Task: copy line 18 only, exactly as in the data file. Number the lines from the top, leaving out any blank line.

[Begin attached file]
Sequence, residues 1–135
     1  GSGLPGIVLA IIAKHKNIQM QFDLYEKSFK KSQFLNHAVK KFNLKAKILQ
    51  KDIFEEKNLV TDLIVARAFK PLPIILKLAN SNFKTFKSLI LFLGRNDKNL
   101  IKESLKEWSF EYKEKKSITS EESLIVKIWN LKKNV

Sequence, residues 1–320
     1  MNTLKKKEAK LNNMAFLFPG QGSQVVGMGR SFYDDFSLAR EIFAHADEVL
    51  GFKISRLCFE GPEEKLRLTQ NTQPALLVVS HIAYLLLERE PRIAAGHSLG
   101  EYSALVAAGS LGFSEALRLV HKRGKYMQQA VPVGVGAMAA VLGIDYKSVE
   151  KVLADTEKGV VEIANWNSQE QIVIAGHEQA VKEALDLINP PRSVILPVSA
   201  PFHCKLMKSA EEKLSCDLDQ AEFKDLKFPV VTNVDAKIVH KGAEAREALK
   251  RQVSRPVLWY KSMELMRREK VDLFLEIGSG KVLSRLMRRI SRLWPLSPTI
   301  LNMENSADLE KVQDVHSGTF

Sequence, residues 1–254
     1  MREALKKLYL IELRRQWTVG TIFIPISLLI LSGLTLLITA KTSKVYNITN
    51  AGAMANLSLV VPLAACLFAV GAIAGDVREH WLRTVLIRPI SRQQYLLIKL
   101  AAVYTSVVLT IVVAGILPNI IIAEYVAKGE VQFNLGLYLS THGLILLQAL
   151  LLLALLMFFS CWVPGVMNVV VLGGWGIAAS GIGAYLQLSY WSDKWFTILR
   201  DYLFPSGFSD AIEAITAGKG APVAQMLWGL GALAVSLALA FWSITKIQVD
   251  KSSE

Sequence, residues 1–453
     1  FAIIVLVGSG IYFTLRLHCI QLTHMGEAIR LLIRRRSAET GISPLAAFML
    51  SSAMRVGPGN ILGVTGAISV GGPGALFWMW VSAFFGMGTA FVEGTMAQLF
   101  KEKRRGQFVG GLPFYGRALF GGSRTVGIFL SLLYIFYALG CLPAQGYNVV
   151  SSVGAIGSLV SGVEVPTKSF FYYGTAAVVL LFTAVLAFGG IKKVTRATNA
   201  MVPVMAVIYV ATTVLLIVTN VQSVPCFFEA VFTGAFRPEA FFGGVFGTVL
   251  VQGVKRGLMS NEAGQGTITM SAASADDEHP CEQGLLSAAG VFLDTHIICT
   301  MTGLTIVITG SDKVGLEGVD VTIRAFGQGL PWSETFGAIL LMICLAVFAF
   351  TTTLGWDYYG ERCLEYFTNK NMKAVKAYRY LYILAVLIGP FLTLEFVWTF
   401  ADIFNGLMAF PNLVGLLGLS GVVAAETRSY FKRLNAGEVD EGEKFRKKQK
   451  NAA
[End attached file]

   201  DYLFPSGFSD AIEAITAGKG APVAQMLWGL GALAVSLALA FWSITKIQVD